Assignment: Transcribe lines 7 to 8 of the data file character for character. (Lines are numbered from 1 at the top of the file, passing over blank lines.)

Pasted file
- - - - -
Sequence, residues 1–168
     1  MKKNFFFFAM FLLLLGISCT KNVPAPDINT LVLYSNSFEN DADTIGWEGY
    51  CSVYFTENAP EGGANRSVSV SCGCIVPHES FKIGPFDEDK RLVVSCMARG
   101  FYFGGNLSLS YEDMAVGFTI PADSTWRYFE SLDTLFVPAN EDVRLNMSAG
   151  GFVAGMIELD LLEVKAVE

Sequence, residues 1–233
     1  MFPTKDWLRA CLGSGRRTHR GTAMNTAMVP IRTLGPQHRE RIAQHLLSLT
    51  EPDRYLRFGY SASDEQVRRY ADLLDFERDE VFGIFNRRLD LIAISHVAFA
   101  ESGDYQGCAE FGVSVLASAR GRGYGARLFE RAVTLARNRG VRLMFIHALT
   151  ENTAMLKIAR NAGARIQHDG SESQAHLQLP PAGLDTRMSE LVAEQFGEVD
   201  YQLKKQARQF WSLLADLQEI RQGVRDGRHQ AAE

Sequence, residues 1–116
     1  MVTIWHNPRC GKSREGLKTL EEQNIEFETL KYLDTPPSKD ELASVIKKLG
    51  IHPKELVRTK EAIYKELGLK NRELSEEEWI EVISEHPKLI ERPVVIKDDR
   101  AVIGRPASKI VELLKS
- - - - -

     1  MFPTKDWLRA CLGSGRRTHR GTAMNTAMVP IRTLGPQHRE RIAQHLLSLT
    51  EPDRYLRFGY SASDEQVRRY ADLLDFERDE VFGIFNRRLD LIAISHVAFA